Managing wellbeing from home
The COVID-19 pandemic has forced a dramatic shakeup of how almost all organisations in the world do business, and for a majority of people, that has meant spending at least some time working from home.
For many, working from home has been a reality for two years now. But just because it’s a reality, it doesn’t mean it’s been mastered. Just like we’re asked to keep improving our work standards and productivity, it’s vital we remain open to looking at ways to ensure being confined to our homes doesn’t impact our mental wellbeing.
While most employers have provided the tools, software and the flexibility required to maximise employee output, there’s still a void of advice and support around how to maintain the mental health and wellbeing of staff in this changed work environment.
Here’s some key tips to keep staff wellbeing in check in the home working environment.
Creating a dedicated workspace is a game changer
It is well documented that creating a dedicated workspace, either in a separate room or in a section of a room, can help boost productivity when working from home by limiting distractions. But it also has a number of wellbeing benefits.
One issue that arises for many people working from home is that it can be hard to delineate ‘work time’ from ‘home time’, which makes it hard to switch off and relax when work responsibilities are over for the day.
Having a separate workspace that you are only present in during work hours will help alleviate that common work-from-home feeling of never being able to mentally clock off from work.
Create routines … and stick to them.
Routines and habits are harder to regulate when no one is looking. Even the most seasoned work-from-home-veterans can sometimes fall into the trap of treating work time and home time as ‘fluid’, particularly for those with families. Unfortunately, any benefits that might be gained from maximising time are invariably outweighed by the added stress of multi-tasking and never being about to properly switch off from work.
By creating or refining a clear work routine that includes a start time, end time and a lunch break we can better compartmentalise our work responsibilities and schedule them within designated hours.
Creating and maintain work routines such as waking early, exercising, showering, eating a healthy breakfast and dressing in work attire can also help.
Reach out, connect and create conversations.
While some people have revelled in the fact office chit-chat hasn’t followed them home and consider it a blessing for their sanity and productivity, the reality is we’re social beings and without interaction over a period of time we being to suffer.
We spend half our waking hours working, so naturally our work relationships are extremely important to our sense of connectedness.
As much as possible, try to collaborate with your colleagues over the phone and via video conferencing platforms such as Zoom. This will help to create a sense that the team is still working together towards its common goals and will help you feel less isolated.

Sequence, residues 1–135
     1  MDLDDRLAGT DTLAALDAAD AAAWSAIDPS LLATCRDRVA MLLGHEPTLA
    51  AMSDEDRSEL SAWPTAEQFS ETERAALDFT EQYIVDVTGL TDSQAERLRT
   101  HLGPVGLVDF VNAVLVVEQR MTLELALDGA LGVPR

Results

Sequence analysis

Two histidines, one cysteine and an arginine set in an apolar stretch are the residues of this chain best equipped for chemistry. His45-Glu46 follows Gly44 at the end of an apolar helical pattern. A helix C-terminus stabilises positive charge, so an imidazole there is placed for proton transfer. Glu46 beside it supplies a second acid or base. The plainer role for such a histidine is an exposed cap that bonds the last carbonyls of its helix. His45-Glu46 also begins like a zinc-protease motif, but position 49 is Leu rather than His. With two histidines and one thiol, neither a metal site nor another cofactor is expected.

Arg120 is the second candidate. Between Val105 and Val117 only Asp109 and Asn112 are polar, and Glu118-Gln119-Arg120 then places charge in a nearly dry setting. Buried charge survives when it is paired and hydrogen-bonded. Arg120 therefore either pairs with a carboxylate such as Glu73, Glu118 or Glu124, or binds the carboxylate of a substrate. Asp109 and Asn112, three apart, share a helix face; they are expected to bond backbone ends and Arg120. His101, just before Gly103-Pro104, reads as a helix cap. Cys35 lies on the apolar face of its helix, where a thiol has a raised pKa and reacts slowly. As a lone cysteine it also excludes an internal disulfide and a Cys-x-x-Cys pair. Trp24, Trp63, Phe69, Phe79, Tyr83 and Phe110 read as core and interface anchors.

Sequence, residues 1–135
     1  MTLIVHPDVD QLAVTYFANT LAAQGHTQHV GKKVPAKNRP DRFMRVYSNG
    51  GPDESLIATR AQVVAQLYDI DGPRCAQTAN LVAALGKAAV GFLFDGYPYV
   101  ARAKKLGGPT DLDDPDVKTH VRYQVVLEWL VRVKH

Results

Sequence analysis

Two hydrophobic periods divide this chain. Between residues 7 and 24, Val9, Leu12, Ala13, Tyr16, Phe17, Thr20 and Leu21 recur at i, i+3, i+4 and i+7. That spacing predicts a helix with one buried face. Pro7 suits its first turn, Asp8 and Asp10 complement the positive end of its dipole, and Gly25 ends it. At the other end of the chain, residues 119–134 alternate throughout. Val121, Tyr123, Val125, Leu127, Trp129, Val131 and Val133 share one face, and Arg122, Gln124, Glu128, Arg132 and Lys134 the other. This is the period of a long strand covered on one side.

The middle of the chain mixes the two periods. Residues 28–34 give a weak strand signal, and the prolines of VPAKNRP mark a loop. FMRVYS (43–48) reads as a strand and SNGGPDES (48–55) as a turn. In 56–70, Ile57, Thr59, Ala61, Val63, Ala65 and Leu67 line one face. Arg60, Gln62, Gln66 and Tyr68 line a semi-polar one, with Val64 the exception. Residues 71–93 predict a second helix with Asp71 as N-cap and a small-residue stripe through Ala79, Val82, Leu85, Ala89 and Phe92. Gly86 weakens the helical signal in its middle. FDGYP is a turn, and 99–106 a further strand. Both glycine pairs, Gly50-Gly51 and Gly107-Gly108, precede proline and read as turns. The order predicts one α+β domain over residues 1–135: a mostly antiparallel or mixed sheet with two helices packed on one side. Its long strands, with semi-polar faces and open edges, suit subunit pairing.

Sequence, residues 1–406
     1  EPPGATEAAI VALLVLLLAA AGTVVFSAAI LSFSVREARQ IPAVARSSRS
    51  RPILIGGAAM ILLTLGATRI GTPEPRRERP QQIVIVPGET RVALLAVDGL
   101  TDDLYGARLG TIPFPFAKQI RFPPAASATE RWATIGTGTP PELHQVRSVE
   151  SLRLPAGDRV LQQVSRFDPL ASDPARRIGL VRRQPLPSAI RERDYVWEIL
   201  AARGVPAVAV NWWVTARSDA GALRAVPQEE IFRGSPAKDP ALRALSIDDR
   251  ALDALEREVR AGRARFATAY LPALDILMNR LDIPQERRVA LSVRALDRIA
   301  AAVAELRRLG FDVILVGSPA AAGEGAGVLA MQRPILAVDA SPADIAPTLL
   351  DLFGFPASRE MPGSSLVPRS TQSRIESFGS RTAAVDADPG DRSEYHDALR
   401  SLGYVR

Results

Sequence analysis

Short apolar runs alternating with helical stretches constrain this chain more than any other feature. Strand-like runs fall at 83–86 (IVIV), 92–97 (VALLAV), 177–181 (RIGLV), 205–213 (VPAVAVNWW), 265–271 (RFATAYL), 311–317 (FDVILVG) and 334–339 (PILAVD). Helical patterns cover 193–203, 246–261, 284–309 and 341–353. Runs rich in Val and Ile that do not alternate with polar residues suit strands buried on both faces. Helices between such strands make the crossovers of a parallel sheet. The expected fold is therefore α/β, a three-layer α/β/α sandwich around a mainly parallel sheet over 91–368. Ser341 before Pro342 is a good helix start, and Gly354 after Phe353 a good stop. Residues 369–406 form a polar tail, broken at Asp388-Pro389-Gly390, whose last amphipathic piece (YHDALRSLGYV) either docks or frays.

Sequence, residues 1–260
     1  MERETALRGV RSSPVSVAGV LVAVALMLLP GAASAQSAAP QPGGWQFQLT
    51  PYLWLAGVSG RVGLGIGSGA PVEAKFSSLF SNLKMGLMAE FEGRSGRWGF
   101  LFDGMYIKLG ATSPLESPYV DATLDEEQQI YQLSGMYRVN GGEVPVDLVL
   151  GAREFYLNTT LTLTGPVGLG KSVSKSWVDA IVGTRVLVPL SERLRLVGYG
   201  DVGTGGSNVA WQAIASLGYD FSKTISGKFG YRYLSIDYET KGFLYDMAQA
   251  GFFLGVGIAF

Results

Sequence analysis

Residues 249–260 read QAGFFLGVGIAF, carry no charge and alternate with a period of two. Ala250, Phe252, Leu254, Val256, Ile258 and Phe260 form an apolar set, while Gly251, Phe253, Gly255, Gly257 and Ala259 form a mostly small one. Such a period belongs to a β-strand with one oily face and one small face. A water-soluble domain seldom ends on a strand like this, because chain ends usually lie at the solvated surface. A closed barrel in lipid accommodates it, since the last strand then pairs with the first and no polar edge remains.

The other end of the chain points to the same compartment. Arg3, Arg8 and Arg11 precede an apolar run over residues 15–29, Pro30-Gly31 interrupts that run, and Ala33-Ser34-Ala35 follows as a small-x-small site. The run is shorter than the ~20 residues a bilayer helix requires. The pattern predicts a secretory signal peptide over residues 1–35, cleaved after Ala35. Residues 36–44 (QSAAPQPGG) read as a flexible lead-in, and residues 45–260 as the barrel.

Video catchups with colleagues don’t need to be strictly work-related, either.
In an office environment, workers chat over coffee in the break room and have a social get-together on Friday afternoons. Continuing these traditions while working from home can boost morale and strengthen relationships.
Put the phone down! Try a digital detox
Working from home means we are even more reliant on technology than we were before. An overwhelming majority of people also spend a significant portion of their non-working time connected to technology, whether that be social media, messaging platforms, gaming or streaming services. This can lead to feelings of being overwhelmed and not present in the real world.
It may sound dystopian, but do yourself a favour and try a digital detox for a small period each night to connect with your family or connect with yourself.
Switching off from technology while exercising can also be a great way to recharge and feel connected to the world around you.
Monitoring wellbeing, it’ll make a world of difference
It’s more important than ever before that managers actively monitor the wellbeing of their teams. In a work from home environment, this could include regular, confidential check-ins to see how things are going.
There is also new technology available that can help managers monitoring the wellbeing of their teams, such as Hoap. Talent can use Hoap to log data about their wellbeing and make that information available both to themselves and to their manager so that it can be used to improve personal wellbeing and team performance.
If you're interested in encouraging more connection and communication in your organisation reach out to the Hoap team today to learn more how our platform is elevating wellbeing and performance for all.